When conjuring a magical genie in one's mind, some typical thoughts occur: a lamp and a young man in flashy clothes, perhaps.
Well, going into the Actors Circle's latest show, “Seniors of the Sahara,” you can forget all of that.
Instead, what you stumble upon is a geriatric genie who is fondly called “Eugene” by the master trying to pass him off as human. He is afflicted with lumbago, has a penchant for vodka and V8, and resides in a teapot.
“It's not quite the genie she anticipates,” said Cathy Strauch of the main character, Sylvia Goldberg, who finds the magic entity. Strauch plays Fannie, a friend of Sylvie's.
As can already be concluded, “Seniors of the Sahara” isn't some epic tragedy, but a comedy that'll have the audience chuckling all the way out the door.
Sylvie attends her grandson's wedding in Israel and brings back what she believes to be a souvenir she purchased at an outdoor market. She gets much more than she bargained for in the form of the aforementioned genie in a teapot (played by Jeff Ginsberg).
As if keeping this find from her friends Mabel (Lorrie Loughney), Thelma (Regina Yeager), and Fannie isn't enough, Sylvie also has to deal with Eugene's former master, Savalas (George Cosmetis), who follows Sylvia home and threatens her because the teapot was sold to her accidentally by his wife.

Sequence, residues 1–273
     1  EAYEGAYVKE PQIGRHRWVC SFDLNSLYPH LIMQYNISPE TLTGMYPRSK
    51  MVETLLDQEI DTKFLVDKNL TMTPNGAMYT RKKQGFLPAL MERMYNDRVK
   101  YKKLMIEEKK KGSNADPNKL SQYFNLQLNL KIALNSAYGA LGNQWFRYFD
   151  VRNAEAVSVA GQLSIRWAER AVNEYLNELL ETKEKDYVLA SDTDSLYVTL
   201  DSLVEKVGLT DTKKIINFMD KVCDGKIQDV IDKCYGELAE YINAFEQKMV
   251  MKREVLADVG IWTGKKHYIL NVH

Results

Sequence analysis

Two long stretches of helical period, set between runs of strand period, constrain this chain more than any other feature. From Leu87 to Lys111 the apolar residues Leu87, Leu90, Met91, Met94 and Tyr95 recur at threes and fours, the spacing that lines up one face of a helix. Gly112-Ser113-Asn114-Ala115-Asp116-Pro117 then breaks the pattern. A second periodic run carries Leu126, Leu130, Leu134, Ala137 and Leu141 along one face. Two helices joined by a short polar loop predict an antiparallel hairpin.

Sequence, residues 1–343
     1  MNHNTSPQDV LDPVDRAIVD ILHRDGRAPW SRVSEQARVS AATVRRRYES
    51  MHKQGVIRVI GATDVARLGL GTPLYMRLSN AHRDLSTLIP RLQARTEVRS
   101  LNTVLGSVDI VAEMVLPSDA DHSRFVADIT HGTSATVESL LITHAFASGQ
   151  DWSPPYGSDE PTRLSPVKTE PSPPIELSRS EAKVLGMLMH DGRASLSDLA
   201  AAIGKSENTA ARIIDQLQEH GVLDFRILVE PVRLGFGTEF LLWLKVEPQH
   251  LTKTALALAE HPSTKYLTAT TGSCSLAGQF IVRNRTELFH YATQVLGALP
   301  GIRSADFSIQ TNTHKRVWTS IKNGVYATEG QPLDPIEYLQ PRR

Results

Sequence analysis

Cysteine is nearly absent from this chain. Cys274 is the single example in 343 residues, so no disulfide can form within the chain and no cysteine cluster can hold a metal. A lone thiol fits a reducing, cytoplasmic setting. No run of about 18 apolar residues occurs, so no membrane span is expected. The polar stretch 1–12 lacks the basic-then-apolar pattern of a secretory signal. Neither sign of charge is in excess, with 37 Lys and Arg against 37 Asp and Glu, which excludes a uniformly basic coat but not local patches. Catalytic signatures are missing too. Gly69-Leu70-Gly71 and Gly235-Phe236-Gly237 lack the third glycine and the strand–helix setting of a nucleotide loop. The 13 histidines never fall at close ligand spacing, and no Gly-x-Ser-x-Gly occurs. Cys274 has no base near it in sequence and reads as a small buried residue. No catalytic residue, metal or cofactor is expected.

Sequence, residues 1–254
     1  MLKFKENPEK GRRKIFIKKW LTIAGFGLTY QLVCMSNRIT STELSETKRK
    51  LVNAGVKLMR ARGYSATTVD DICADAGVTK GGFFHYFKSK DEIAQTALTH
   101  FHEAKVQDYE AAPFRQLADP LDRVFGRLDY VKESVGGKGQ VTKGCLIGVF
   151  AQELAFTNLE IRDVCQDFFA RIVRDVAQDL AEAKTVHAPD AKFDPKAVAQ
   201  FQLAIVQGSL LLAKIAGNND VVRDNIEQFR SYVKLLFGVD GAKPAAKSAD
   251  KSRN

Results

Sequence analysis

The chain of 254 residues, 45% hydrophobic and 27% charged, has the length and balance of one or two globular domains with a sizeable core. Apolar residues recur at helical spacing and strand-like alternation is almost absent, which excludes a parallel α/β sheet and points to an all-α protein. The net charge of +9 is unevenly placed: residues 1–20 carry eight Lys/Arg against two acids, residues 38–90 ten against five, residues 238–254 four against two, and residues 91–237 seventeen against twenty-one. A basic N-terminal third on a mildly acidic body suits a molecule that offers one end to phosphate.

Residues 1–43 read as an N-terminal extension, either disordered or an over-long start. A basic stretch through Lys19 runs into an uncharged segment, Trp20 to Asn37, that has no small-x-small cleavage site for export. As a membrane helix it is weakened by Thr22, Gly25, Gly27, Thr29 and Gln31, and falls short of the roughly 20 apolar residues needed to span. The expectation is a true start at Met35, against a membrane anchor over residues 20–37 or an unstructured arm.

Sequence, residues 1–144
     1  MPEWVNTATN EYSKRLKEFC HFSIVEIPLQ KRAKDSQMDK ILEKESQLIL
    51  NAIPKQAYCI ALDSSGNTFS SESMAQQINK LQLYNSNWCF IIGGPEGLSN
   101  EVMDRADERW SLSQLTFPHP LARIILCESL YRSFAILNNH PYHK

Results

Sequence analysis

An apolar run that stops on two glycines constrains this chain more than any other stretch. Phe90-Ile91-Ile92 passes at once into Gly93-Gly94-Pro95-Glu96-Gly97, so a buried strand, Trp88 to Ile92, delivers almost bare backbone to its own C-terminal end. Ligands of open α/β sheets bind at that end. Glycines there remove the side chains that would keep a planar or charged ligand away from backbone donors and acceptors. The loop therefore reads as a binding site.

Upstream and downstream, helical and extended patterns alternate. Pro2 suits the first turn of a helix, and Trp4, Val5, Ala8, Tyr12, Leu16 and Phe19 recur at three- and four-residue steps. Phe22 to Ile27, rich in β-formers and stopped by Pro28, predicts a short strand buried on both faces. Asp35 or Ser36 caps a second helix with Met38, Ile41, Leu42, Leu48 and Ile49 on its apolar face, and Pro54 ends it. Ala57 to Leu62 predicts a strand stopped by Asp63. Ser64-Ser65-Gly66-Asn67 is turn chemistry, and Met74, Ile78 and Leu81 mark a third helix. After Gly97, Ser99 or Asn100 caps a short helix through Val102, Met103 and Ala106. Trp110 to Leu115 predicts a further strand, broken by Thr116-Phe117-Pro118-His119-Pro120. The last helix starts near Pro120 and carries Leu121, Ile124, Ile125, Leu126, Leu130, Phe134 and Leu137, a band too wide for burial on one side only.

The show is a riot from the start.
“I absolutely love the very beginning when Savalas and Refik (played by Casey Thomas) do their little bit and get the crowd going,” noted Strauch.
Strauch's other favorite portion is her signature scene: a belly dance, something she was actually prepared for due to her college years.
“We did 'A Funny Thing Happened on the Way to the Forum' back in college, and I played Tintinabula, so I learned some belly dance work back then. I finally get to use it after all these years,” Strauch said with a laugh.
The show is certainly a humorous one, but the tone wouldn't be possible without a cast that not only interacted well together, but naturally. Strauch feels this is an absolute with this group, whose stage presence as friends goes beyond the bright lights.
“There's actually a real friendship there,” she said of her work with the other cast members. “We have a really nice chemistry and we enjoy rehearsing the show, and I think that shows on stage.”